What sort of policy activity includes combating invasive species by eating them, celebrating clean water by drinking beer and wine made from it, and doing it all with over 200 other friends, partners, and allies? The Embassy’s annual celebration of Great Lakes Days would be the right answer.
Every spring, while snow and cold weather remain around the Great Lakes, advocates come from both sides of the border to advocate and support continued conservation and restoration efforts in the Great Lakes region. The annual program of meetings and discussions includes individuals across the spectrum: environmental advocates, recreational groups, maritime industry, Chambers of Commerce, federal/indigenous/state/provincial/municipal governments, binational organizations, academics, and private industry, all collectively sounding the call for conservation, protection, and restoration of the region.
Issues of mutual concern include invasive species, like Asian carp. Canada and the U.S. collaborate to detect and remove grass carp from Lake Erie, and work together on technology to keep silver and bighead Asian carp species away from Chicago and Lake Michigan. To highlight those issues, and contribute to the cause, participants gladly took part in helping “eat the problem” in 2019.
All participants celebrate the role of water in the region, whether through its economic benefits of efficient maritime transportation or water technology, its provision of drinking water to over 40 million people, or its use in recreation like fishing, boating, or even cold-weather surfing! As referenced, Canada and the U.S. have collaborated through the 1972 Great Lakes Water Quality Agreement to address water quality challenges and clean up legacy polluted areas. The Embassy annually “highlights” these efforts and their successes by featuring brews and wines from across the region’s two provinces and eight states.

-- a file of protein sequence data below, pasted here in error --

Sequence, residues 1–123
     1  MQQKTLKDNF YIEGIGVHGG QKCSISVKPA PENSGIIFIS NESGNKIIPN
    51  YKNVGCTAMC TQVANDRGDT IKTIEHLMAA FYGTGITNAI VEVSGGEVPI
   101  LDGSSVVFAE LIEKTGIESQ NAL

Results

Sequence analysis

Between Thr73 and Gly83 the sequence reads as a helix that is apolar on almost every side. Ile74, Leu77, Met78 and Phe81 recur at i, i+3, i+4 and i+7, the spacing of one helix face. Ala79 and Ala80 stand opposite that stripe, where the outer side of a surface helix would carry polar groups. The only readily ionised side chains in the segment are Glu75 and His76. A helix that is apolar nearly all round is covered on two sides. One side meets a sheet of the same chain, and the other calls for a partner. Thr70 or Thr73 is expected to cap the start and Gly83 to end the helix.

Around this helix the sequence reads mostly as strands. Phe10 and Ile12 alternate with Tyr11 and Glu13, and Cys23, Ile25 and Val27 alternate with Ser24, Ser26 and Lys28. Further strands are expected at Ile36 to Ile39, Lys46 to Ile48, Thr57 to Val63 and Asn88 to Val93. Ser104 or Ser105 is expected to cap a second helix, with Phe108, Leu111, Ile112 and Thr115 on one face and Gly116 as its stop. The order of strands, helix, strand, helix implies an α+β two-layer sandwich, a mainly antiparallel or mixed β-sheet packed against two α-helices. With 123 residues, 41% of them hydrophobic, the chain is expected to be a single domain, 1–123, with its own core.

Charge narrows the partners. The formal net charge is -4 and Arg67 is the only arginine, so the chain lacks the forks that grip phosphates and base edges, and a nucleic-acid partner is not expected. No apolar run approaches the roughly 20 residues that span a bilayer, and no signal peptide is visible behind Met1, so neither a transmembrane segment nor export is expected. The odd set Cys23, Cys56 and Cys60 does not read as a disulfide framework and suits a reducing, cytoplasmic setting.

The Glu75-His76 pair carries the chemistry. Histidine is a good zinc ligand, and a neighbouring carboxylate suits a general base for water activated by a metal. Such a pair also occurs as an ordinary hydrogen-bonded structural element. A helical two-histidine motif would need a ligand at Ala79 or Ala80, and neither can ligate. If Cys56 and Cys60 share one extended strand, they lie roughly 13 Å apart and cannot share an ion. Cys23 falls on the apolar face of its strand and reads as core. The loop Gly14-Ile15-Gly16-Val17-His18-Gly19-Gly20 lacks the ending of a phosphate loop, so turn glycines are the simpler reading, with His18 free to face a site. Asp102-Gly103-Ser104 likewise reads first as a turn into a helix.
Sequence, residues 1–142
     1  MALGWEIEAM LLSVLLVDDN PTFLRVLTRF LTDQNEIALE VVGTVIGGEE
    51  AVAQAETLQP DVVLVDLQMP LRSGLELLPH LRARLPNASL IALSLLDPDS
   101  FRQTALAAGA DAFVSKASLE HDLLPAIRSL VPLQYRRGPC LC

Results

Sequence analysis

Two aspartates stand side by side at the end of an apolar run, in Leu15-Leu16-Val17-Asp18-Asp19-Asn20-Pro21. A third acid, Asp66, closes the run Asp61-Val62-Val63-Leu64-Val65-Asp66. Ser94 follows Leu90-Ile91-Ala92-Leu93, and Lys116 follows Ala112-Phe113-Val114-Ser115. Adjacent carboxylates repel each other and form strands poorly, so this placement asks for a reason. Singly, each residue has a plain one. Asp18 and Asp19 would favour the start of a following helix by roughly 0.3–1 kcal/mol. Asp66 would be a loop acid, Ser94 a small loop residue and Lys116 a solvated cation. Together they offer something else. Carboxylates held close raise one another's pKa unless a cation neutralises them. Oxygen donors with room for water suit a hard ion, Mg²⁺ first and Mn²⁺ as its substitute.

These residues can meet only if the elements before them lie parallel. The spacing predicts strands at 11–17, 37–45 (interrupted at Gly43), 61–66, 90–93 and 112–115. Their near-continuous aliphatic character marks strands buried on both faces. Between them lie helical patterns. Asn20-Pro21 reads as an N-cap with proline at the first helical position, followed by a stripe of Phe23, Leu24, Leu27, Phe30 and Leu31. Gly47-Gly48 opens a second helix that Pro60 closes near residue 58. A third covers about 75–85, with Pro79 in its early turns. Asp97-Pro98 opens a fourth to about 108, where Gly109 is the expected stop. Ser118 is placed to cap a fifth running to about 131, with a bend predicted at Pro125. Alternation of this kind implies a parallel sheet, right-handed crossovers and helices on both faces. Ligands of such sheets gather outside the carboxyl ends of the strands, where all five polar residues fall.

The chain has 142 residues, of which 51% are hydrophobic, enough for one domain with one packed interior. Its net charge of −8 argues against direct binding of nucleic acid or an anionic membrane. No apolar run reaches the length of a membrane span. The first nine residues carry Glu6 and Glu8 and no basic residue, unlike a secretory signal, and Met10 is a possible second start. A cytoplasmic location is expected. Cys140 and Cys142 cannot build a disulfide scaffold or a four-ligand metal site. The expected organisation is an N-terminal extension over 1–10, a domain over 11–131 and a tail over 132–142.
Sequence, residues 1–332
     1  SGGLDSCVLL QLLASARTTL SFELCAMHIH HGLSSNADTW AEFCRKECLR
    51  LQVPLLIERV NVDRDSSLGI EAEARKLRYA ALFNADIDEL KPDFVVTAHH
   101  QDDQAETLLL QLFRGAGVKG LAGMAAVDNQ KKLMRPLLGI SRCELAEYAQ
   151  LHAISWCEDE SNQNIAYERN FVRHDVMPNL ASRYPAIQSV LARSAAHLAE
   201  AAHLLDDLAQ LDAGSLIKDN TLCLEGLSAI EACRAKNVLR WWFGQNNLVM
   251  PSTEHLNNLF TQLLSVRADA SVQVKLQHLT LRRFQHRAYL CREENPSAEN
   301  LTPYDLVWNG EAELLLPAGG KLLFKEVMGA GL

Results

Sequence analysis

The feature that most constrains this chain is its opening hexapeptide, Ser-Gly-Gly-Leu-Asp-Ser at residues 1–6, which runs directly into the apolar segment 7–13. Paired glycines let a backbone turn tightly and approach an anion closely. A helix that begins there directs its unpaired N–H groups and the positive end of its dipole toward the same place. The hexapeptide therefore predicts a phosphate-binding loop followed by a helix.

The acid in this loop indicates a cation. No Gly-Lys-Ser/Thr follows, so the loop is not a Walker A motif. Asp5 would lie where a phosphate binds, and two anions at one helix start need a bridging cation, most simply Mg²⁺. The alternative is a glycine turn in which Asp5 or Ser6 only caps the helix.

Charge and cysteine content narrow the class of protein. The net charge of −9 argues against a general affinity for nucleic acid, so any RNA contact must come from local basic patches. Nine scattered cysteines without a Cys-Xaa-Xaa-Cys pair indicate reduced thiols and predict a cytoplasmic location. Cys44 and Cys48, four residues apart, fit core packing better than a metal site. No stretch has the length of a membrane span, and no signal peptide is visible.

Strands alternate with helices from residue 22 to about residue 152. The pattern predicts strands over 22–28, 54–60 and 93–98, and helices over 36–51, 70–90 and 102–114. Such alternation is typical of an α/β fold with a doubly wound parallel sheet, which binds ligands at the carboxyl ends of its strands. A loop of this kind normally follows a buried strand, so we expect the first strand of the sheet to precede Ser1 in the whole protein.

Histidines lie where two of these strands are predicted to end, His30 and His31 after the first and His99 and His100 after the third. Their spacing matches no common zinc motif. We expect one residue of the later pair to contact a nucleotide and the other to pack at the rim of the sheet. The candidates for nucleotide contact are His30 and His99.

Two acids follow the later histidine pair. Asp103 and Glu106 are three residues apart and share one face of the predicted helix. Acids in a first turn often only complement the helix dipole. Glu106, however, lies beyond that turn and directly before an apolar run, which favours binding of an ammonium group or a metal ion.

In 2020 the event continued to highlight the cross-boundary work, with Canada’s Minister of Transport, Marc Garneau, one of the few who has seen the Great Lakes from space, where those boundaries disappear. Minister Garneau leads efforts across the border on maritime transportation, which supports the world’s third-largest economy ($6 trillion, if the region were a country), as well as protecting the region from invasive species in vessels’ ballast water. Since 2006, policies on both sides of the border have required the exchange and flushing of ballast water, leading to no known invasions via ships’ ballast in the Great Lakes since that time. These results indicate that moving forward with environmentally protective solutions can be done while continuing to grow a resilient economy.
The bottom line is that the annual event promotes and celebrates the many collaborations that must occur across the border for conservation efforts by either country to be successful. The Great Lakes require Canada and U.S. cooperation to sustain our economy, our environment, and our shared quality of life.